- (Reuters/Joe Skipper)
Hurricane Irene’s maximum sustained winds have dropped to 105 mph, the National Hurricane Center reported Friday morning.
The U.S. East Coast is bracing itself for the storm’s arrival, but the center now says it does not expect Hurricane Irene to strengthen before it hits the East Coast.
The hurricane is now a Category 2 storm with winds of 96 mph to 110 mph, which does not present as big of a threat of damage as previously touted. Winds of that speed are of course considered very dangerous though, and certainly capable of causing widespread destruction.
In the Bahamas, government officials have lifted the warnings associated with the hurricane.
Power outages from Hurricane Irene are still cautioned, FEMA administrator Craig Fugate says.
Many Americans have heeded evacuation demands along the East Coast, and the storm is predicted to reach the areas early Saturday morning.
Irene continues to pose a serious threat, and so far six states have declared a state of emergency, including North Carolina, Virginia, Maryland, Connecticut, New Jersey, and New York.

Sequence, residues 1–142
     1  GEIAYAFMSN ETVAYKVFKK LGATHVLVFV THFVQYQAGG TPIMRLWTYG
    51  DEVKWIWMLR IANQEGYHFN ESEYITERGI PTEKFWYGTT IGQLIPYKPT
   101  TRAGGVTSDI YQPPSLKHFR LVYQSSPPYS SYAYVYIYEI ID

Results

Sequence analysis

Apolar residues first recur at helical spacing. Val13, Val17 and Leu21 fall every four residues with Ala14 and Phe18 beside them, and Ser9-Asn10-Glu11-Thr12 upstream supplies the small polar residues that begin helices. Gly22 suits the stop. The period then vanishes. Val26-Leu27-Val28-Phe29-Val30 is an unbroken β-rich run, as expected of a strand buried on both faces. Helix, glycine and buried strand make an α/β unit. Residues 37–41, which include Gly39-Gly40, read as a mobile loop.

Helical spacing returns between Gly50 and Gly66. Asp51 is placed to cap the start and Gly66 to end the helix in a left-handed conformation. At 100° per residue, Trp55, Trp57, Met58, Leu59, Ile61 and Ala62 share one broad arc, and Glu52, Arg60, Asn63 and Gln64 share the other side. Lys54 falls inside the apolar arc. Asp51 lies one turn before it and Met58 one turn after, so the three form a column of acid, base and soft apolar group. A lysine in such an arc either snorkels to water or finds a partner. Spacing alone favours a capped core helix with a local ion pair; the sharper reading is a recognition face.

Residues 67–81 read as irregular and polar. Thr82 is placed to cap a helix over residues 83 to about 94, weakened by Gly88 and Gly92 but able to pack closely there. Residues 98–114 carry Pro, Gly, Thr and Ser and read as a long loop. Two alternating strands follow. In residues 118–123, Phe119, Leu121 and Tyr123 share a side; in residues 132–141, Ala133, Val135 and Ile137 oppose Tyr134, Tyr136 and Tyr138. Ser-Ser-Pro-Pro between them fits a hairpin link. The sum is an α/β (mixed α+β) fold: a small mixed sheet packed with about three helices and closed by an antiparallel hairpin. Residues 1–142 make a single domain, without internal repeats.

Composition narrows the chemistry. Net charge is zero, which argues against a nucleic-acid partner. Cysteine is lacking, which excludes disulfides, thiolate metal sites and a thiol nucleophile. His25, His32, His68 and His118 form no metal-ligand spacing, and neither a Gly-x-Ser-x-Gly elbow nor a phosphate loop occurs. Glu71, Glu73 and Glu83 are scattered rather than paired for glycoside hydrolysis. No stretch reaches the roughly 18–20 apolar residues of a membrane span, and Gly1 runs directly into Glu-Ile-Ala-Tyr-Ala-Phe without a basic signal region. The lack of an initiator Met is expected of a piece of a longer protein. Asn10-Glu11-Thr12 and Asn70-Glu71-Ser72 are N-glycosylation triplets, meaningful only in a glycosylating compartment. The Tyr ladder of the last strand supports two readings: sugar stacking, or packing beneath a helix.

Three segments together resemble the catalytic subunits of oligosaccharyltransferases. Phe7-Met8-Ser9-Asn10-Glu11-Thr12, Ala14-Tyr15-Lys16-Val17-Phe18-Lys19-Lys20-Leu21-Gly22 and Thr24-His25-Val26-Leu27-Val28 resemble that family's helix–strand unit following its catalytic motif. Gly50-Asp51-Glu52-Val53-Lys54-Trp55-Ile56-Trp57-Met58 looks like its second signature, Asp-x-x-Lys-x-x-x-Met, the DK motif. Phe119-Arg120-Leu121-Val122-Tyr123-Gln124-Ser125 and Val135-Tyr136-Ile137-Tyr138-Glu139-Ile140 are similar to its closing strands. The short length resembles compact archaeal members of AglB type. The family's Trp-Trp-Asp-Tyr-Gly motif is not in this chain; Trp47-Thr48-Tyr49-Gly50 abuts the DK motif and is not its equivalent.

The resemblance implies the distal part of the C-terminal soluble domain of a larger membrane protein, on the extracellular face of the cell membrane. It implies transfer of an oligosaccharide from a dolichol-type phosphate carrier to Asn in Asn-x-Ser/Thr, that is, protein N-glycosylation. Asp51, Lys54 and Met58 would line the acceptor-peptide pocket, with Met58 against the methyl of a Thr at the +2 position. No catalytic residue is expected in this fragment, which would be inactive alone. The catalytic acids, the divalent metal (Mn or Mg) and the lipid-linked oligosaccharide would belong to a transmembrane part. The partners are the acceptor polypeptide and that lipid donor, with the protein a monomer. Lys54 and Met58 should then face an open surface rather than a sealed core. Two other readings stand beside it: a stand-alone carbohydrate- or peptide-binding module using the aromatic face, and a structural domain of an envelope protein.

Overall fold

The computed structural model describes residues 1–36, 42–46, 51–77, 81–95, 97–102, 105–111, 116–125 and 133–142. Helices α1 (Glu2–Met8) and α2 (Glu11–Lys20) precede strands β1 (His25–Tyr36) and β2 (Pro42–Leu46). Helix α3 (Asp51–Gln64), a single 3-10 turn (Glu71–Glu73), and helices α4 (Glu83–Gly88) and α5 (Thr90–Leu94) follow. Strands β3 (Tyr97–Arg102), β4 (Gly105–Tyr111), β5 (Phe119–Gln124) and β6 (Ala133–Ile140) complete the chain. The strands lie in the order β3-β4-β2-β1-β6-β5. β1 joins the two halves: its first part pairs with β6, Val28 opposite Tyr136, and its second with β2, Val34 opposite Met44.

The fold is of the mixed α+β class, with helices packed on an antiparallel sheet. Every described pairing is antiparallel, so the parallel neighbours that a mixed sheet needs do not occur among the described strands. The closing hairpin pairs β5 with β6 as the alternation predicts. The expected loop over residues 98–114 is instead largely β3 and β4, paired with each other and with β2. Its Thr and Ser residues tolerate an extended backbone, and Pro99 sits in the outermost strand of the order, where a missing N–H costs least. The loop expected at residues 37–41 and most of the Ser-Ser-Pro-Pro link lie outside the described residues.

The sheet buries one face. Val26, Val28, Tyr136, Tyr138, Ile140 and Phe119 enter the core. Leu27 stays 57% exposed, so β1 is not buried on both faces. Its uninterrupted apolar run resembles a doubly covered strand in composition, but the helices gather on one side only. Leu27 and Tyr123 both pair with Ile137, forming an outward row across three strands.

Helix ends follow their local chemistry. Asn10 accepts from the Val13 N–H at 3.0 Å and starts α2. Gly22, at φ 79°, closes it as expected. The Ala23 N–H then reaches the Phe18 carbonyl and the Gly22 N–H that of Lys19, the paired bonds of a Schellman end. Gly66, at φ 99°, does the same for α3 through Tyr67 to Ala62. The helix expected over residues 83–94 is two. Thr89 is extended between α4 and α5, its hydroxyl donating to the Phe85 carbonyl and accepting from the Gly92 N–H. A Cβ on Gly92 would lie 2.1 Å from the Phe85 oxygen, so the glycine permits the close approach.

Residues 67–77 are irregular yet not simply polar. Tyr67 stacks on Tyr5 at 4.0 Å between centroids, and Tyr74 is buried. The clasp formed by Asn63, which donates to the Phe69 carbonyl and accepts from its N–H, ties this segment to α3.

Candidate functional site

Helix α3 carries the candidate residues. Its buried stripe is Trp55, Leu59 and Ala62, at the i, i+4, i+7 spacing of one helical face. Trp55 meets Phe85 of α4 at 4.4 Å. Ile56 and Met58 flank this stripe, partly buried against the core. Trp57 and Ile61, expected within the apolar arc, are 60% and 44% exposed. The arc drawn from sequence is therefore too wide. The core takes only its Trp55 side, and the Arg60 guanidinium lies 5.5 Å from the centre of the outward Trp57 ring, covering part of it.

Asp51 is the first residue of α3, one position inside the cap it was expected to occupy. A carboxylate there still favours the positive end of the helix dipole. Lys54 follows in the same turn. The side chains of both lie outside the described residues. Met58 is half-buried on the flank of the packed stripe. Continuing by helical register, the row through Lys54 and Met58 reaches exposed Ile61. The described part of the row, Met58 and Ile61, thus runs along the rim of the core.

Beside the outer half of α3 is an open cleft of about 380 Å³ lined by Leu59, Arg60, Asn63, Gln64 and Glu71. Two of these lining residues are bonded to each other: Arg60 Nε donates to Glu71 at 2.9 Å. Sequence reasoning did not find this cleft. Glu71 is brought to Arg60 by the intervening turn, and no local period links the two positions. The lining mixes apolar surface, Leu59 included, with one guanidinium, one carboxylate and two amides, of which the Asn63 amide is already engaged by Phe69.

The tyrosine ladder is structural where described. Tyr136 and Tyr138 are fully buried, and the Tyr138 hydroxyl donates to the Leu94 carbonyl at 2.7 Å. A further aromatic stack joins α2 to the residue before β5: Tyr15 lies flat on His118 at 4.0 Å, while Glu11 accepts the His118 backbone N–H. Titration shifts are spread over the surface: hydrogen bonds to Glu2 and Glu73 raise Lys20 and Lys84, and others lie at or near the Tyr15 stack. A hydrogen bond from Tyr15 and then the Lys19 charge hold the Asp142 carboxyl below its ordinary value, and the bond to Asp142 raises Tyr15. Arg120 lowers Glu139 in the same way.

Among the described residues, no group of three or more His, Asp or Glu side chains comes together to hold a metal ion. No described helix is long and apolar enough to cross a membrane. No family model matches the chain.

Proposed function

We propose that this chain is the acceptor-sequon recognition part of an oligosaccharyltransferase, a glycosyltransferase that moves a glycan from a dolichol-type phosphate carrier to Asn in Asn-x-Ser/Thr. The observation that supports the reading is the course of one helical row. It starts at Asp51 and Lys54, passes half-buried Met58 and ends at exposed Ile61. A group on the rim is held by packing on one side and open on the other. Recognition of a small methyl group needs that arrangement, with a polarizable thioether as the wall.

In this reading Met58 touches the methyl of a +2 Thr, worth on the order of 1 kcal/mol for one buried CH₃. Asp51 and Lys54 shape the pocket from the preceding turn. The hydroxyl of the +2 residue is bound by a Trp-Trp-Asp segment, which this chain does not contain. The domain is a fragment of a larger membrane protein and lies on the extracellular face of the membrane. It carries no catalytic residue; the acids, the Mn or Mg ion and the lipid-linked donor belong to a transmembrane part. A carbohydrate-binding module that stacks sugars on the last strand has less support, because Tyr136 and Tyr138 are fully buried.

States have done so to open the possibility of summoning federal resources and National Guard task forces to help with anticipated emergency situations.
As many as 65 million Americans along the East Coast could be affected by the storm.
Mayor Michael Bloomberg of New York told reporters: “We hope for the best but we prepare for the worst,” and added that New York City would provide helicopters and small boats near police precincts in low-lying areas to be used in an emergency evacuation situation.
He also suggested New Yorkers avoid parks during the storm warning, and avoid areas where branches and trees could fall.
Mass transit officials in New York are preparing for a possible shutdown starting Saturday, and state officials are coordinating arrangements for emergency services during a possible electricity outage.
Irene is predicted to produce swells of up to 6-9 feet in coastal areas.